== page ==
A short perusal of the major tech blogs on the Internet, like Mobile Magazine, will inevitably bring up a series of acronyms and other terms related to cellular phone technology. For a good part of the early 21st century, the big discussion surrounded 3G mobile technology, but what exactly does that term mean? In a nutshell, 3G simply refers to the third generation of cellular phone technology.
Why 3G Technology Was So Important
Before 3G technology was widely deployed in North America, Europe, Asia and other parts of the world, most cellular phone companies operated on "2G" networks. These include the GSM (Global System for Mobile Communications) infrastructure used by such companies as T-Mobile, as well as the CDMA (Code Division Multiple Access) infrastructure used by such companies as Verizon Wireless.
These technologies eventually paved the way for "2.5G" and "2.75G" technology like GPRS (General Packet Radio Service) and EDGE (Enhanced Data Rates for GSM Evolution). These were among the first wireless technologies that provided wireless data transmisison, granting users access to the Internet, picture messaging, and more. The trouble was that these technologies were notoriously slow.
Easily the biggest reason why 3G mobile phone technology was so important and had such a huge impact on the industry was that it finally started to provide faster data transfer rates. This allowed cell phones to use services never before possible on a mobile platform.
Video conferencing was said to be the "killer app" for 3G. As such, many 3G handsets feature not one, but two cameras. The "primary" camera is typically on the back of the phone, whereas the front camera is used primarily for video calling, as would be the case with Apple's FaceTime application.
Mobile TV and Mobile Web
In Japan and Korea, "conventional" Mobile TV standards rose in popularity for a while, but they have largely been usurped by streaming media over a 3G wireless connection instead. Mobile Internet access allows for YouTube streaming, live television, and more, as well as the usual web-connected services. If it were not for mobile Internet access on smartphones and feature phones, people would not be connecting to Facebook, Twitter, email, and Foursquare while on the go.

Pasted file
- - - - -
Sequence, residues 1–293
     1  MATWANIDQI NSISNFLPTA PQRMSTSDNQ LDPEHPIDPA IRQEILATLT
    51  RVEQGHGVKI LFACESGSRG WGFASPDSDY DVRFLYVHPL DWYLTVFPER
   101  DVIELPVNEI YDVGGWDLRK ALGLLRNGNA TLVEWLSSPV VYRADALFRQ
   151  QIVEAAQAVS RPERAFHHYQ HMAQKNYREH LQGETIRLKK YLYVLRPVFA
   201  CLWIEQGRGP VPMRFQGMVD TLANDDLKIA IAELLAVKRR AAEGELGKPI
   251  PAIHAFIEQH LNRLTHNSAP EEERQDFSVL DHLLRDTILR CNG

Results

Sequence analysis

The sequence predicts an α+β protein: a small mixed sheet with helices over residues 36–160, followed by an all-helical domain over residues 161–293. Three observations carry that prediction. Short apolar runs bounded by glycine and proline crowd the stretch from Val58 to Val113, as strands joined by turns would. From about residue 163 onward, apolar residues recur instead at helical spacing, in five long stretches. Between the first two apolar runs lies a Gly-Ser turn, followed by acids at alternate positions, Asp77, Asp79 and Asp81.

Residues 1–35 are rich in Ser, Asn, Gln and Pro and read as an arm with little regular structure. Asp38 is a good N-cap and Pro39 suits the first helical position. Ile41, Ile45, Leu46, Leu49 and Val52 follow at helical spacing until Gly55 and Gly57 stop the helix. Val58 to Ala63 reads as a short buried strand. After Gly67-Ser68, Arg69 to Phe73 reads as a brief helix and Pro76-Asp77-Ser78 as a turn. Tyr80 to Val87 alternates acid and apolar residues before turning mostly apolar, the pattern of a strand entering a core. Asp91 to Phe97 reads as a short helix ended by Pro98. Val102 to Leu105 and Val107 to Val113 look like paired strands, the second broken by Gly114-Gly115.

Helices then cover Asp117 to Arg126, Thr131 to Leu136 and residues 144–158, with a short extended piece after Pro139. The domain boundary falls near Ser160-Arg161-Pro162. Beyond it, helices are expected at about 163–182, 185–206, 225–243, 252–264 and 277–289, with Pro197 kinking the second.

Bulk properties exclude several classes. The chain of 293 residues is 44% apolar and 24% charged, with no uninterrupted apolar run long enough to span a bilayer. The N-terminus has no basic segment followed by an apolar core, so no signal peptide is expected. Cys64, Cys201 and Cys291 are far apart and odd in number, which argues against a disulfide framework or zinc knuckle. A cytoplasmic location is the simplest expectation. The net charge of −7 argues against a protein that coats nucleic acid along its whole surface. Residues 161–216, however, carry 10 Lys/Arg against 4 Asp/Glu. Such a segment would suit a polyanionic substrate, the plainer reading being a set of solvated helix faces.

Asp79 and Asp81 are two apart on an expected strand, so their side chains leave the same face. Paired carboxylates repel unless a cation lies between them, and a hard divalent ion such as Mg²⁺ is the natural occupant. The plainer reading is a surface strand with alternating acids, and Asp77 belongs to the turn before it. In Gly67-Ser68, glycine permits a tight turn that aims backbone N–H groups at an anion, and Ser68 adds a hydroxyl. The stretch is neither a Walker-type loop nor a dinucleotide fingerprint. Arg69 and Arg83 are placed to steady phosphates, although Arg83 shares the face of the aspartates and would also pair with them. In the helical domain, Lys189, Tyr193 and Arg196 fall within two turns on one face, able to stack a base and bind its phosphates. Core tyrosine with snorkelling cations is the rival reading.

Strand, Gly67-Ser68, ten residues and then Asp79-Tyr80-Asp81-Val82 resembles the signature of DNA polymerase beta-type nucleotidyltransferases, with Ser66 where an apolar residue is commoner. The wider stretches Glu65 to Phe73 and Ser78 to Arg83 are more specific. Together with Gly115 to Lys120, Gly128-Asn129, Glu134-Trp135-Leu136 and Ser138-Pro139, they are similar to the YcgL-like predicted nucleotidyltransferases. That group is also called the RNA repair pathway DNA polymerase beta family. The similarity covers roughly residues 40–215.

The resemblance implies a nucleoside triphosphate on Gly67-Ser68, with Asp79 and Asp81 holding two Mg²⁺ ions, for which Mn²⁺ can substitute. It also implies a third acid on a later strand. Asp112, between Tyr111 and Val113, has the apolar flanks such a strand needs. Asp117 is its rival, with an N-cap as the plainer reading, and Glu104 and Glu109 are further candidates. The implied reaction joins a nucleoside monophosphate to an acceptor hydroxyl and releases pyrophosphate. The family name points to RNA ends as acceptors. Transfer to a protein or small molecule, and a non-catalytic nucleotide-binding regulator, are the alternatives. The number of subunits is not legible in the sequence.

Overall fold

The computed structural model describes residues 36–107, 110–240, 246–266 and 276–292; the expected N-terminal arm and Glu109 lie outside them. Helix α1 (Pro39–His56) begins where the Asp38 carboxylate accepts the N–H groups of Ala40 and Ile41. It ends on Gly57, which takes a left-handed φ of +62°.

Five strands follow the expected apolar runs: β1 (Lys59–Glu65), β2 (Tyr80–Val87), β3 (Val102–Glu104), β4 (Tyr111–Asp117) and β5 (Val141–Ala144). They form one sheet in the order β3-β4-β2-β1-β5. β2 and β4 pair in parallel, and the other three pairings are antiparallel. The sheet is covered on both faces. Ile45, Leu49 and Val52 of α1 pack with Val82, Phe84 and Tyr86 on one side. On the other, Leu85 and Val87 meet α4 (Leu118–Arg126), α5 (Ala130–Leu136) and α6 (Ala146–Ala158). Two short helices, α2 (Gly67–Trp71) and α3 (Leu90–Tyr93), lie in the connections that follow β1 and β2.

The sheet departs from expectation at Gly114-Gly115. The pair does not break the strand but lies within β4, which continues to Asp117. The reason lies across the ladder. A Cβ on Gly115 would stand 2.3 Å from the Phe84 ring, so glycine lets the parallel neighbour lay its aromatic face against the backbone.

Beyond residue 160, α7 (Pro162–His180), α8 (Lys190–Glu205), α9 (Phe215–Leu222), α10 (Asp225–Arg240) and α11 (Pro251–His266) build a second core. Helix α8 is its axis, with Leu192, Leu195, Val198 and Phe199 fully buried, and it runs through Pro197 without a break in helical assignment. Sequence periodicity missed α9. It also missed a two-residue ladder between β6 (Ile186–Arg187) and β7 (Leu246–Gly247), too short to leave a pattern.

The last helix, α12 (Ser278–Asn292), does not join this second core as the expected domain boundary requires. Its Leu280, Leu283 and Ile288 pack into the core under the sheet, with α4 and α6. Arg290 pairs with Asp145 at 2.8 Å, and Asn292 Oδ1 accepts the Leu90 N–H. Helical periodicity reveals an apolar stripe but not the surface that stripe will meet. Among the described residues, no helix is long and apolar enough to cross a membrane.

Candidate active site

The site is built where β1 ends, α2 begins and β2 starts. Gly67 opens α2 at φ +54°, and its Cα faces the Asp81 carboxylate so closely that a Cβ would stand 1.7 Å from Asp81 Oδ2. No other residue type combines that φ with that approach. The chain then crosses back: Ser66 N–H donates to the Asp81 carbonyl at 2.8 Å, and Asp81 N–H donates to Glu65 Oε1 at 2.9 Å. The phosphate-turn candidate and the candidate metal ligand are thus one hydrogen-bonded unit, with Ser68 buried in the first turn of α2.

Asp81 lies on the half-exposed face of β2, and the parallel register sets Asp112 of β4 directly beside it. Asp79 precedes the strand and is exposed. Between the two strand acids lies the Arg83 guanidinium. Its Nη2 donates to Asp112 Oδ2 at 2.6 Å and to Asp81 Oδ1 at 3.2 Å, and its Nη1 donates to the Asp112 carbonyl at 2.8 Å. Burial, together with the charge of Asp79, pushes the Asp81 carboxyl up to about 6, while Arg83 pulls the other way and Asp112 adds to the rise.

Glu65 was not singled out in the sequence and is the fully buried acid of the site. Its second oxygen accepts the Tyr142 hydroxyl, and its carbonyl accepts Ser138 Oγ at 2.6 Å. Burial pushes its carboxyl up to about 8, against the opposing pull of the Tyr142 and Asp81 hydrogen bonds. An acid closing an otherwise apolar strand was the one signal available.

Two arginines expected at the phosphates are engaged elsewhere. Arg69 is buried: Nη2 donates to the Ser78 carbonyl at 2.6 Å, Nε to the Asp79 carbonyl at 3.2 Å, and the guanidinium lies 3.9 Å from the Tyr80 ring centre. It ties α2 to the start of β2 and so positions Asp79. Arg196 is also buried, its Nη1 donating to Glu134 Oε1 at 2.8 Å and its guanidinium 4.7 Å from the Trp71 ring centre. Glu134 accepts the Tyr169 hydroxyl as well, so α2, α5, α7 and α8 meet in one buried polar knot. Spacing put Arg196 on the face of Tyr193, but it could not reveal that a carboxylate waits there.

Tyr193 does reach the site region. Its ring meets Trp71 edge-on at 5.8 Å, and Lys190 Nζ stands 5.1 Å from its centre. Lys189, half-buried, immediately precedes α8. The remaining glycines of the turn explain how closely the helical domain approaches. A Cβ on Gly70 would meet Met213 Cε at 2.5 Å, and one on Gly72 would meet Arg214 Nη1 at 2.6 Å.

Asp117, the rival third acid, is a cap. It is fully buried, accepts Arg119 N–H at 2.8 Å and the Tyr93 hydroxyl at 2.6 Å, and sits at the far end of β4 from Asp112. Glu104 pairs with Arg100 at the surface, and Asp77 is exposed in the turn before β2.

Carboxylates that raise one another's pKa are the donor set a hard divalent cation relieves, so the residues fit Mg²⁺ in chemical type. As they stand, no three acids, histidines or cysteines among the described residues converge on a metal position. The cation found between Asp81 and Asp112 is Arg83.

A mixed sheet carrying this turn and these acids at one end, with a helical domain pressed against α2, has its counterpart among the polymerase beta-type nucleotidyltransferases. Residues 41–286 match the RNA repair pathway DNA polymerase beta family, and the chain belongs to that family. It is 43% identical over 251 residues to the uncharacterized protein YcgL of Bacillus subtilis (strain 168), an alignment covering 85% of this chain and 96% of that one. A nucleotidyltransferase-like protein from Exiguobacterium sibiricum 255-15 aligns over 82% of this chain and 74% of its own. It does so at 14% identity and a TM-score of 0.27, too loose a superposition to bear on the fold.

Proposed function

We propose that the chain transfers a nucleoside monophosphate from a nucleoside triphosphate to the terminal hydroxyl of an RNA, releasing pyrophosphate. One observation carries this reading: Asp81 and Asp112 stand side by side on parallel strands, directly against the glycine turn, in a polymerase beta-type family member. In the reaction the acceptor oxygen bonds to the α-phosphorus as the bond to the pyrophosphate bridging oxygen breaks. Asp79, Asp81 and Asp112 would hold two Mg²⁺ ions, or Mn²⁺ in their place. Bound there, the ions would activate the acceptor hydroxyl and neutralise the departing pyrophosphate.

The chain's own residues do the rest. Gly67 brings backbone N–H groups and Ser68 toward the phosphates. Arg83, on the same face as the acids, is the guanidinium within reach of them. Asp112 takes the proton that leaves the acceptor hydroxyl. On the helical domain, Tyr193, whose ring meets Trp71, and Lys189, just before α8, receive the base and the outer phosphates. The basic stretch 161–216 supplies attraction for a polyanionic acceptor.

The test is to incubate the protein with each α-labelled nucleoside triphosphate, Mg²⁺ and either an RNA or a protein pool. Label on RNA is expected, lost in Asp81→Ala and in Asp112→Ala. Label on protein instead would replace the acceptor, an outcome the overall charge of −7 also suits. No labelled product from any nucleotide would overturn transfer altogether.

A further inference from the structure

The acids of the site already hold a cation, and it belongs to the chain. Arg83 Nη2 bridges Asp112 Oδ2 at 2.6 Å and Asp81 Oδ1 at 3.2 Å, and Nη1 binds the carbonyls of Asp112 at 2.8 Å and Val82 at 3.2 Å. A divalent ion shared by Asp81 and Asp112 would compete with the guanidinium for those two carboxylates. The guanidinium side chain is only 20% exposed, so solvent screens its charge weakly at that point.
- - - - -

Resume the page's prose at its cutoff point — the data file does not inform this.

Ringtones, Music, and More
In the early days of 3G, it was used greatly for downloading mobile content. Cell phone ringtones were and continue to be incredibly popular, with several services being offered that allow users to customize their mobile phones with unique ringtones downloaded directly over the Internet.
The Main 3G Standards
Early on in the 21st century, there were three main 3G standards that were deployed in selected regions around the globe.
- W-CDMA: Not to be confused with standard CDMA (which is the direct competitor for GSM), W-CDMA is "Wideband" Code Division Multiple Access, and was allied with 2G GSM. There were two main forms:
- UMTS stands for Universal Mobile Telecommunications System, and is sometimes referred to as 3GSM. UMTS was capable of data transfer rates of up to 1920 kbit/sec.
- FOMA stands for Freedom of Mobile Multimedia Access and was the brand name for 3G services offered through NTT DoCoMo of Japan. A pioneer in 3G, FOMA was officially launched way back in 2001.
- 1xEV-DO, initially designed by Qualcomm, is CDMA's answer to W-CDMA. EV-DO stands for Evolution Data Optimized, and is a broadband data standard that was adopted by such wireless service providers as Telus Mobility of Canada and Verizon Wireless, the latter of which marketed its EV-DO services as "V CAST". EV-DO's data transfer rate was right in line with W-CDMA, offering approximately 2Mbit/sec downlinks.
- TD-SCDMA was developed by and for the People's Republic of China. Standing for Time Division-Synchronous Code Division Multiple Access, TD-SCDMA was meant to provide the Chinese people with high speed data that wasn't "dependent on Western technology."
Moving Up to 3.5G and 3.75G
- HSDPA: Even before 3G was fully adopted, cellular phone technology companies started working on and testing the subsequent sub-generation of wireless data. As part of the 3.5G, HSDPA (high-speed downlink packet access) was an extension of WCDMA in much the same way that CDMA2000 was improved upon to become EV-DO.
- HSUPA: Whereas HSDPA allowed for "downlinks" (cell phones receiving data), HSUPA allowed for "uplinks" (cell phones sending data). In this way, it naturally accompanied HSDPA and was called 3.75G. It was through HSUPA that services like Qik live streaming gained in popularity among technology enthusiasts.
Current and Future Wireless Technology
Just as there was much talk about 3G wireless technology in the early part of the 21st century, more recent talk has surrounded 4G technology. T-Mobile rebranded its HSPA+ (high speed packet access plus, an upgrade over HSDPA/HSUPA) as a 4G technology. Similarly, Verizon offers LTE (Long Term Evolution) and Sprint has WiMAX (Worldwide Interoperability for Microwave Access), both of which are marketed as 4G network technologies.
They offer varying speeds, but all are faster than the older 3G technology. In fact, for some users in some areas, the wireless connection over a 4G cellular network can be faster than a typical home broadband Internet connection! Looking to the future, it can only be expected that these technologies will continue to mature and improve, offering even faster speeds and more reliable connections to the Internet.